Sunday, Puerto Ricans headed to the polls to cast their votes for statehood.

97% voted to make Puerto Rico the fifty-first state. But that overwhelming support is hindered by the fact that only 23% of the eligible population actually voted.

According to many reports, the desire for statehood may hinge more on the small territories out of control debt than any patriotic compulsion.

From NBC:

The island’s governor, Ricardo Rosselló from the New Progressive Party (PNP in Spanish), along with his government, had been pushing for a “yes” for statehood as the best way to grapple with Puerto Rico’s crippling $73 billion debt.

But the island’s other two main political parties had pushed for a boycott of the plebiscite, and it showed in the turnout numbers. About 1.3 percent voted for the current commonwealth status and about 1.5 percent voted for independence.

The president of the Popular Democratic Party, (PPD in Spanish), which favors the current commonwealth status, said after the vote that “statehood-ers shot themselves in the foot.”

“Eight out of 10 voters went to the beach, went to the river, went to go eat, went to go hang out, went to church, but they sure didn’t go out to vote,” said PPD president Héctor Ferrer at a San Juan press conference. “Gov. Rosselló is now going to go to Washington and say this (statehood) is what people wanted. But we’re going too to say no, that’s not true and the numbers speak for themselves.”

Puerto Rico recently, “declared a form of bankruptcy” reports the New York Times:

But this time, the vote came a few weeks after Puerto Rico declared a form of bankruptcy in the face of $74 billion in debt and $49 billion in pension obligations it cannot pay. More than 150 public schools are being closed as a mass exodus of Puerto Ricans head for the mainland and those who remain brace for huge cuts to public services. Decisions are now in the hands of a bankruptcy judge.

Voters said that Puerto Rico needed the United States now more than ever.

“If there’s an earthquake in Puerto Rico, who is going to send the help? The Americans! This is their land!” said Gladys Martínez Cruz, 73, a retired tax clerk in San Juan’s Barrio Obrero neighborhood. “We need someone who is going to support us, send us money. There’s a lot of hunger in Puerto Rico, even with the help we get.”

Many Puerto Ricans, like Ms. Martínez, live off food stamps, public housing vouchers or other federal programs and worry that a change in political status could affect that aid. A huge publicity campaign warned voters that their citizenship could be at risk.

Bankruptcy and debt write-off would have reaching implications beyond Puerto Rico. Some 40% of state-side municipal bonds “have exposure to Puerto Rico debt” reports Forbes:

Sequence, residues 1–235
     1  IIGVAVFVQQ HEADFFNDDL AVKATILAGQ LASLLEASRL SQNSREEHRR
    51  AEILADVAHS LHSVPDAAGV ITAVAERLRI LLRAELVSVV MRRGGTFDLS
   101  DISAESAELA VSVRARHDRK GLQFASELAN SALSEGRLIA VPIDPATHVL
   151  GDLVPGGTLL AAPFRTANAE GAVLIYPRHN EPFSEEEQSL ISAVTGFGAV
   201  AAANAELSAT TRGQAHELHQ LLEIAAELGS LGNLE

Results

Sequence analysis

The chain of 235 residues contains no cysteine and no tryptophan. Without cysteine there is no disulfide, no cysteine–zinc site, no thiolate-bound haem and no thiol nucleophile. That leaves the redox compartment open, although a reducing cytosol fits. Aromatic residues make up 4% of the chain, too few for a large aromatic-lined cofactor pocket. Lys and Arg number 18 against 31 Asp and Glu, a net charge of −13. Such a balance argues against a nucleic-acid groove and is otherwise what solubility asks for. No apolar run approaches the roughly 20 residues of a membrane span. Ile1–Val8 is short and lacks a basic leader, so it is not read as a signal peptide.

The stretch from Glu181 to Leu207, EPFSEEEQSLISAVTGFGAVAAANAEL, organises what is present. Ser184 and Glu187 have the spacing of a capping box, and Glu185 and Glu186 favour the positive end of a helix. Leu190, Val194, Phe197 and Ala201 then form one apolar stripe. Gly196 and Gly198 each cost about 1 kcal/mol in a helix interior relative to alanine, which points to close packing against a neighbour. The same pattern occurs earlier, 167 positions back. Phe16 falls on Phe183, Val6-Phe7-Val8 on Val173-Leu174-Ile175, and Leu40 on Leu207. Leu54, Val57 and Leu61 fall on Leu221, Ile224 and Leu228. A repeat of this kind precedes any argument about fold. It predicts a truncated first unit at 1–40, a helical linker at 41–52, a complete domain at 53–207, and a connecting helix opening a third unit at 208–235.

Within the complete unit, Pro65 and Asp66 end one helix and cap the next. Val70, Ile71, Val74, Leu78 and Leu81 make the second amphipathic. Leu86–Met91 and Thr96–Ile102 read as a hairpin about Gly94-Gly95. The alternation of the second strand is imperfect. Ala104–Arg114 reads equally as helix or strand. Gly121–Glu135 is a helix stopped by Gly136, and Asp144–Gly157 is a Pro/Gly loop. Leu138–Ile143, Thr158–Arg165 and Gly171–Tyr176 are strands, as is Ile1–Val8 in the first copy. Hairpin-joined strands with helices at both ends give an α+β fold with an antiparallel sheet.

10-years of economic stagnation has taken its toll on Puerto Rico. Unemployment is skyrocketing, infrastructure is degrading, and the exodus away from the island is accelerating. Structural reforms that will stabilize the financial crisis in the short-term, and revitalize the economy in the long-term, are necessary. Such reforms will benefit the rest of the country as well.

Perhaps most obviously, these reforms will benefit the rest of the country because many Americans have directly invested in the bonds that Puerto Rico is currently unable to repay, or their pensions have invested in these bonds on their behalf. According to an analysis by USA Today based on Morningstar data, 40 percent of “municipal bond funds still have exposure to Puerto Rico debt”.

Therefore, any defaults or write downs on Puerto Rico’s $74 billion in outstanding debt will be a zero-sum game. Puerto Rico will gain debt relief, but savers and retirees in the rest of the country will be poorer.

It is imperative to keep this perspective during Puerto Rico’s debt renegotiations to ensure that Puerto Rico’s need for immediate debt relief is appropriately balanced with the need to minimize the losses on the territory’s current debt holders.

While debt renegotiations are necessary in the short-term, only economic growth can permanently fix Puerto Rico’s fiscal crisis. Economic growth does not simply occur because politicians wish it to be so. Instead, politicians must implement the right policies that empowers individuals, small businesses, and large companies (e.g. the private sector) to invest and grow the economy.

Puerto Rico’s economic malaise is attributable, in part, to poor economic policies implemented by both Puerto Rico and the federal government. These policies increase the costs of doing business, and create obstacles to working, saving, and investing in the territory.

Only 500,000 some-odd Puerto Ricans participated in Sunday’s referendum vote, which is incredibly low compared to previous elections (from NBC):

Puerto Rico historically has had high turnout in most elections. In the last plebiscite held in 2012, more than 1.9 million people voted, and 800,000 chose statehood. In 1993, nearly 2 million Puerto Ricans voted.

The vote was non-binding and it’s up to Congress to accept or reject the referendum results.

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